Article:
The Magnetospheric Multiscale (MMS) observatories are being readied for launch on a mission to study the magnetic field of the Earth. This will be the first mission specifically designed to measure magnetic reconnections around the planet.

Magnetic reconnection involves lines of magnetic force connecting with each other and breaking apart, releasing vast quantities of energy. This occurs in the space around the Earth, as well as above the surface of the Sun.

"Magnetic reconnection is one of the most important drivers of space weather events. Eruptive solar flares, coronal mass ejections, and geomagnetic storms all involve the release, through reconnection, of energy stored in magnetic fields. Space weather events can affect modern technological systems such as communications networks, GPS navigation, and electrical power grids," Jeff Newmark, interim director of the Heliophysics Division at NASA, said.

The four identical MMS spacecraft are scheduled for launch at 10:44 p.m. EDT on March 12, from Cape Canaveral. The network of satellites will fly together, in close formation, in order to carry out their mission. The vehicles will begin science operations in September, providing the first 3D images of magnetic reconnection, with resolution great enough to study the events as they take place.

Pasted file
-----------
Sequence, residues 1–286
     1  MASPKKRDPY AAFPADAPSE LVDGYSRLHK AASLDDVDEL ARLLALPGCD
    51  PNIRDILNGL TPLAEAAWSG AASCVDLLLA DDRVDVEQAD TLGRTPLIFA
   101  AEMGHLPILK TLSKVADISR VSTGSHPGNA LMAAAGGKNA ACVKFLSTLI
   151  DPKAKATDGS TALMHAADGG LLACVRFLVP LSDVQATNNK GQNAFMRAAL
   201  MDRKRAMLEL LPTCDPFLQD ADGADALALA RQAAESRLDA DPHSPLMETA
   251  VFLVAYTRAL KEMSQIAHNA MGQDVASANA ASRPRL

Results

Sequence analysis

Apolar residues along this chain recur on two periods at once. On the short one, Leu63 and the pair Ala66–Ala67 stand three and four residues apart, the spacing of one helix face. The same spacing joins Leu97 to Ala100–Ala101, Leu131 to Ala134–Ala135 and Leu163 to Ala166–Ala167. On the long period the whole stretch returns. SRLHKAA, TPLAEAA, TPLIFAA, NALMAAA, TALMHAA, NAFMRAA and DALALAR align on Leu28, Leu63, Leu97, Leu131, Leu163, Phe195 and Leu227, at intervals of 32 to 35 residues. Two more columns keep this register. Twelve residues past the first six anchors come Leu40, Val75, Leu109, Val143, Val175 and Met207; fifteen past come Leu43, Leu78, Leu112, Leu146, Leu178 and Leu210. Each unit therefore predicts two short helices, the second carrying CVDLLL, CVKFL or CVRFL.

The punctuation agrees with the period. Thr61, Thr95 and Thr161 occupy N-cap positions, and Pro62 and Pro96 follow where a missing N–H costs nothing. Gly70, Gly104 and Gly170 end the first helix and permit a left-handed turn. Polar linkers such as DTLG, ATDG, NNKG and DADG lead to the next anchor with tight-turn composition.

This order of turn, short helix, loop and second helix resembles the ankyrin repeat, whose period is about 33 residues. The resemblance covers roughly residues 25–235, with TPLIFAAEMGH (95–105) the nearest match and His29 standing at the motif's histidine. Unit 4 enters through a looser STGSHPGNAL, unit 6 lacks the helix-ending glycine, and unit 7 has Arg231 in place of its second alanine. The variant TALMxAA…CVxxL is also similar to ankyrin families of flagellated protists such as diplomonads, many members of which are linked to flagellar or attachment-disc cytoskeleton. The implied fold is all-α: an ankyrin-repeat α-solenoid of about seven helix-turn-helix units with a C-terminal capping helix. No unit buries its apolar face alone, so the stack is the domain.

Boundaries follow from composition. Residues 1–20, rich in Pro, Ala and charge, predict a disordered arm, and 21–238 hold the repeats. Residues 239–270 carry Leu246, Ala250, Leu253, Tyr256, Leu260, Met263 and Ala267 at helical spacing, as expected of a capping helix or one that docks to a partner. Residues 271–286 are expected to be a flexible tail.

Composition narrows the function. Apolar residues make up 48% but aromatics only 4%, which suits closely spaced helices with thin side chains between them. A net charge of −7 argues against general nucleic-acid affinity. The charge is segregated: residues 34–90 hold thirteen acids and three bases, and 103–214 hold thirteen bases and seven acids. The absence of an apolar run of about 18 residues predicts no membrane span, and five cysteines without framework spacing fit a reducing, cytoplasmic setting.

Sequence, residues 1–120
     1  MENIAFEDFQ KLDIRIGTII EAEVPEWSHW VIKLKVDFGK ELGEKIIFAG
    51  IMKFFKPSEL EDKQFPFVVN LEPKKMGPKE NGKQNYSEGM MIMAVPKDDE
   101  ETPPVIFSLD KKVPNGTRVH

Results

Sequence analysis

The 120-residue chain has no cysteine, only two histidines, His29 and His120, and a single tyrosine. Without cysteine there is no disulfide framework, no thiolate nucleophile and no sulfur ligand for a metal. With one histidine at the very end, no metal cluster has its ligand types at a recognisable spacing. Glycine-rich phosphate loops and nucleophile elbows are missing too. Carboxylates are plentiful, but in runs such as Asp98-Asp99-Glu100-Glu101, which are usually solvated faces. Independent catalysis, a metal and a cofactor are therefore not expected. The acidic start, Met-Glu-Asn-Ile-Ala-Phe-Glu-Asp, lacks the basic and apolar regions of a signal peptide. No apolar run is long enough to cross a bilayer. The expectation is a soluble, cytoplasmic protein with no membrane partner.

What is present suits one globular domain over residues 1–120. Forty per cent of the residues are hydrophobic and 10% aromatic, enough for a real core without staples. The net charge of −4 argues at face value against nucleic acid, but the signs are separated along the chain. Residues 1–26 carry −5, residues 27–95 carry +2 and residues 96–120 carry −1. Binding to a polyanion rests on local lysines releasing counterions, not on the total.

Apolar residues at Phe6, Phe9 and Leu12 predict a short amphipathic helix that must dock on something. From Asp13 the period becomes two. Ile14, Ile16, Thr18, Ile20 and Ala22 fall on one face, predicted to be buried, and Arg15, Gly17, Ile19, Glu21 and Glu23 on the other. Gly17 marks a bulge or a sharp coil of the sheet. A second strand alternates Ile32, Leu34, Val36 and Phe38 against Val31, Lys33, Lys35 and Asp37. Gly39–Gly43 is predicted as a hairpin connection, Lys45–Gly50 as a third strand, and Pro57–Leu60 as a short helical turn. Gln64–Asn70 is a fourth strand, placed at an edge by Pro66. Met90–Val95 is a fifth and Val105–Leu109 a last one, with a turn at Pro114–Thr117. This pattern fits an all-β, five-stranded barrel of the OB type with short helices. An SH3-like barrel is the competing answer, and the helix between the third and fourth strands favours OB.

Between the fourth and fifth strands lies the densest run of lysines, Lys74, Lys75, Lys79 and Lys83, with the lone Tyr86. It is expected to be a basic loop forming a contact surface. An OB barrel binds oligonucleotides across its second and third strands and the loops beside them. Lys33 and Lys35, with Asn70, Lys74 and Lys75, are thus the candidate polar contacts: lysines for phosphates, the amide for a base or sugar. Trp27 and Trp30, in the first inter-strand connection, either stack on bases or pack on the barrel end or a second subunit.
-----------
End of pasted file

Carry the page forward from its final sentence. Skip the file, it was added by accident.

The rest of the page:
When magnetic fields combine, they produce energy which is seen in acceleration of particles, as well as thermal radiation. This can cause problems which can affect satellites and other electronic communication devices.

The processes which drive the reconnections remains a mystery to astronomers. Researchers hope the new network of observatories will help answer questions about the process. Although observations will be carried out close to the Earth, researchers hope that their findings could help astronomers understand how the same process could take place near the Sun, as well as in regions surrounding distant black holes.

"MMS engineers have completed final observatory closeout procedures and checks and are awaiting transport to the launch pad tomorrow for integration with the Atlas rocket. The team is in high spirits and ready to get these technological marvels in space," Craig Tooley, project manager for the MMS mission at the Goddard Space Flight Center, said.

The Dscovr satellite was launched on February 11, on a mission to explore and measure space weather. However, that observatory will only be able to measure activity taking place above the Sun and the Earth, while MMS could discover how magnetic reconnections take place. This difference may be thought of like a weatherman delivering forecasts, compared to a meteorologist studying how clouds, the atmosphere, land, and water all combine to produce weather conditions.

In October 2003, a burst of X-rays from the Sun triggered the first-ever radiation warning for pilots flying at high altitudes. This occurrence highlights the need for additional research which could assist in predicting such events.

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